Bird Migration Videos in the Strait of Gibraltar – Part I

Short-toed Eagle crossing the Strait of Gibraltar, by Javi Elorriaga
Short-toed Eagle crossing the Strait of Gibraltar

Today we release in our Youtube channel the first of a series of bird migration videos in the Strait of Gibraltar. We have filmed these videos over the last three years around Tarifa. This is part of a collaboration project with the Nature Agency at the Ministry of Environment of Denmark . These videos make part of the exhibition on bird migration at the Skagen Grey Lighthouse information center (Denmark).

The Strait: a major migration bottleneck

The Strait of Gibraltar is the most important bottleneck in the flyway of the Short-toed Eagle between Europe and Africa. This video shows striking images of eagles in active migration across the Strait. The footage stresses the vital challenge that sea-crossing represents for soaring migrants (enable subtitles).

During 2019 we will upload new videos of this series to our Youtube channel, Stay tuned!

The Empire of the Eagle and Águila de Bonelli: Book review

Review of Empire of the Eagle and Águila de Bonelli
Review of Empire of the Eagle and Águila de Bonelli

There’s no denying, at Birding The Strait we are passionate about Eagles. We love seeking for them, photographing them and simply observing them in the wild. We are also wildlife photography and bird books enthusiasts. Indeed, this is one of our main sources of expenditure! So, we were excited to see two new books coming out last month: ‘The Empire of the Eagle’ by Mike Unwin and David Tippling, and ‘Águila de Bonelli (Bonelli’s Eagle)’ by Tony Peral.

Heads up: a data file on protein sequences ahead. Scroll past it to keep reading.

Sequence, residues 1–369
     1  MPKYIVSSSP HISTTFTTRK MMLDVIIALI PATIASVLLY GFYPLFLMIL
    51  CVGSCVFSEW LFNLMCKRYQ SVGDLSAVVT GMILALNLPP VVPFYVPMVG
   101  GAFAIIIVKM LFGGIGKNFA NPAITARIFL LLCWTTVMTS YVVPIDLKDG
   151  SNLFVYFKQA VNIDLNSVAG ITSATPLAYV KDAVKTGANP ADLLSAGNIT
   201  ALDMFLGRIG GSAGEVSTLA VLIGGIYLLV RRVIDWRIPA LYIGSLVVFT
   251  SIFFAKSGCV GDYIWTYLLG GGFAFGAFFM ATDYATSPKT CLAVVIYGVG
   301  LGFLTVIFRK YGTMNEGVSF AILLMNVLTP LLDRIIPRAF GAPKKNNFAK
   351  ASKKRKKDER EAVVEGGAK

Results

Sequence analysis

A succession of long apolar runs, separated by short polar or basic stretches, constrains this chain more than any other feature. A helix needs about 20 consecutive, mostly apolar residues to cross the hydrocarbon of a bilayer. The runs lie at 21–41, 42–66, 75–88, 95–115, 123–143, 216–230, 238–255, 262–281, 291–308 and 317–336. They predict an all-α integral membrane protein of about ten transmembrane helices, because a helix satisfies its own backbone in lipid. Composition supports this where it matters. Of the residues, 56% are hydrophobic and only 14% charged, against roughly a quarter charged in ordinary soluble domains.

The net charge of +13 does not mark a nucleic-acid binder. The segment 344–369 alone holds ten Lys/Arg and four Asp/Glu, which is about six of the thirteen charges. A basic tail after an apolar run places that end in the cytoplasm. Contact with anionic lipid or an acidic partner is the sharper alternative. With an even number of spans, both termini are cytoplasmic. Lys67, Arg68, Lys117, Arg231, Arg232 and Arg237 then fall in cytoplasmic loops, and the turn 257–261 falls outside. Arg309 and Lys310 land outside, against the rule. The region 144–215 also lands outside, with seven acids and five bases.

Both have a special meaning for us. We contributed with a few pictures for the book ‘The Empire of the Eagle’ and we were looking forward to seeing them on print. On the other hand, ‘Águila de Bonelli’ has been created, edited and published by a friend of us, the photographer and naturalist, Tony Peral.

Review of ‘Águila de Bonelli’

Packaging of 'Águila de Bonelli' by Tony Peral
Packaging of ‘Águila de Bonelli’ by Tony Peral

You know you are in front of a special book the moment the package with ‘Águila de Bonelli’ is being delivered. The amazing packaging with a Bonelli’s Eagle printed on the box and the wax seal, is really unique and classy. Some would compare the experience to the one you get when purchasing a limited edition vinyl. From the moment you untie the strings and open the box, you are on a trip to the land of the Bonelli’s Eagles.

Cover of 'Águila de Bonelli' by Tony Peral
Cover of ‘Águila de Bonelli’ by Tony Peral

The cover shows an adult female in flight. She is missing one of her tail feathers, which does nothing but improve the visual impact of the photography. It’s truly a statement of intents. The author, Tony Peral, provides further insight on the magnitude of his work stating in the introduction that he stopped counting the hours spent in his hide after 3000!

Good and authoritative texts

The book begins with six concise and well written chapters by Jose María Gil Sánchez and consists on an updated review of the biology and conservation of the species. English-speakers, don’t get distracted by the title, this book has been translated into English. However, the photographies, which are the most important part of the book are universal.

A festival of Bonelli’s eagles’ photos

From there, as the prestigious Markus Varesvuo says in the prologue, comes a true festival of almost 100 photos, all of them of superb quality. The first, a double-page image, shows a subadult Bonelli’s Eagle right in the moment she is catching a Red-legged Partridge. Next page, an adult folds its wings to dive directing its gaze on you!

Every single photo on 'Águila de Bonelli' is fantastic
Every single photo on ‘Águila de Bonelli’ is fantastic

Not a single photo in the book is a filler, none is redundant, and none seems to be done in a known set or hide. Moreover, some photos in this book show scenes of Bonelli’s eagles very rarely seen before. This is one of those books that, if a child happens to find, it is very likely that he will want to be a wildlife photographer.